Turkish soldiers at a position east of Ras Al Ain watch as a tank fires on positions held by fighters from the Syrian Democratic Army on Monday. Agence France-Presse
The armies of Syria and Turkey traded deadly fire on Tuesday for the first time since Ankara launched an anti-Kurdish offensive in early October, as Russia announced Kurdish forces had withdrawn from the border area.
Russian Defence Minister Sergei Shoigu said Kurdish forces had pulled back from the entire border as per a deal struck between Ankara and regime backer Moscow in Sochi earlier this month.
The Turkish military and its Syrian proxies launched an offensive against Kurdish forces in northeastern Syria on October 9 with the aim of creating a buffer zone roughly 30 kilometres (20 miles) deep.
“The withdrawal of armed units from territory where a security corridor should be created has been completed ahead of time,” Shoigu said, as quoted by Russian news agencies.
He added that Syrian border guards and Russian military police had been deployed in the area.
Earlier this month, Kurdish forces agreed to withdraw from a 120-kilometre long, Arab-majority segment of the 440-kilometre border zone, but clashes have been reported since.
The Turkish presidency said joint Turkish-Russian patrols — also planned under the Sochi deal — would verify the Kurdish forces’ withdrawal.
But the situation was complicated by clashes between Syrian and Turkish forces on Tuesday.
The Britain-based Syrian Observatory for Human Rights reported that “heavy fighting erupted for the first time between the Syrian and Turkish armies”, adding that six Syrian soldiers were killed near the key border town of Ras Al Ain.
“Turkish artillery fire killed five regime forces in battles on the edge of the village of Assadiya,” Rami Abdel Rahman, the head of the Observatory, told AFP.
He added that Syrian fighters used by Turkey as the main ground force for the invasion had executed a government soldier they had captured.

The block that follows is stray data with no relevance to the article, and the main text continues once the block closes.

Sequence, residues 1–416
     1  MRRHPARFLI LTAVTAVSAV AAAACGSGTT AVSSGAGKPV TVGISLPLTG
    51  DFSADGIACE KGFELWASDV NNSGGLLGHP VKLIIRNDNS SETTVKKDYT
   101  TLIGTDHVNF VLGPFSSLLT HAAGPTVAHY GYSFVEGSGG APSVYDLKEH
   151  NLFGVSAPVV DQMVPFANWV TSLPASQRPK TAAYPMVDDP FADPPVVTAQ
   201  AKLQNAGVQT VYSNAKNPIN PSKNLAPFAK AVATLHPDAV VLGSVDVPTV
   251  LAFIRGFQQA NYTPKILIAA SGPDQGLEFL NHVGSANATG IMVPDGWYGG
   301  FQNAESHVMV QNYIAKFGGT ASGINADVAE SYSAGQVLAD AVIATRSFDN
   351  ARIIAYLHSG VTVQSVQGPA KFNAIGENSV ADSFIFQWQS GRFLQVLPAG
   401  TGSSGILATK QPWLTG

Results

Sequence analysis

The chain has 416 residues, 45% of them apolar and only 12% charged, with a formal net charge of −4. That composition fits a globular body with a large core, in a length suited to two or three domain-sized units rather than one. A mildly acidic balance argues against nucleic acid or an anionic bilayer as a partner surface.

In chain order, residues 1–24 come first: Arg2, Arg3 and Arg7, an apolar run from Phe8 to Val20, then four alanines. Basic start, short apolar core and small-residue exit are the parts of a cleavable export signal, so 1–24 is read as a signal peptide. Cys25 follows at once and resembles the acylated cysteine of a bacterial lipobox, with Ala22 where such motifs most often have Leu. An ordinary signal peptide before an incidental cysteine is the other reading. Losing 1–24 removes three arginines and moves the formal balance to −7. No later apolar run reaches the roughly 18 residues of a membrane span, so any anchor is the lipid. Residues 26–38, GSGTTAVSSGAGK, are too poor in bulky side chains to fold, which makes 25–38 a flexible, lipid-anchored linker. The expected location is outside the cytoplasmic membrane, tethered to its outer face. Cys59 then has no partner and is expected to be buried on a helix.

Left in the lurch after US troops withdrew from the border area, Kurdish forces turned to the Syrian government for protection.
The regime’s forces moved quickly north and are now expected to deploy along much of the border zone. Turkish-Russian patrols in a 10-kilometre-deep strip were to start on Tuesday at 1600 GMT, but strikes near the border town of Derbasiyeh threatened that deadline, both the Observatory and Syrian state media reported.
The Observatory said Turkish and Russian military units had been due to meet at a border crossing to discuss the upcoming patrols.
But on Tuesday, Syrian state news agency SANA reported “Turkish mortar fire on the Derbasiyeh border crossing”, some 60 kilometres east of Ras Al Ain, and said six Syrian civilians had been wounded.
It added that rounds were fired as Russian military police were driving by.
The Syrian Democratic Forces, de facto army of the moribund autonomous Kurdish administrated territory, has voiced reservations over the Sochi deal.
The agreement, to which the Kurds are not signatories, essentially hands much of their heartland to the regime.
Before Moscow launched a military intervention in Syria in 2015, President Bashar Al Assad barely controlled half of Syria’s territory, with rebels, militants and Kurdish forces holding swathes of the country.
With Russian help, he clawed back much of the ground he had lost in the course of the grinding war now in its ninth year.
The United States allied with the SDF in 2014 to fight the Syrian side of the war against the Daesh’s then sprawling “caliphate”.
That phase of the conflict ended in March this year with the demise of the proto-state’s last bastion in eastern Syria and US President Donald Trump’s indications that he wanted to pull American troops out of the Syrian quagmire.
US forces had been acting as a buffer between Turkey and the Kurds, both theoretically US allies, but that ended when they pulled back from the border at the beginning of October.
The White House then announced US forces were leaving the country altogether but they have since redeployed further east around oil wells in areas still under Kurdish control.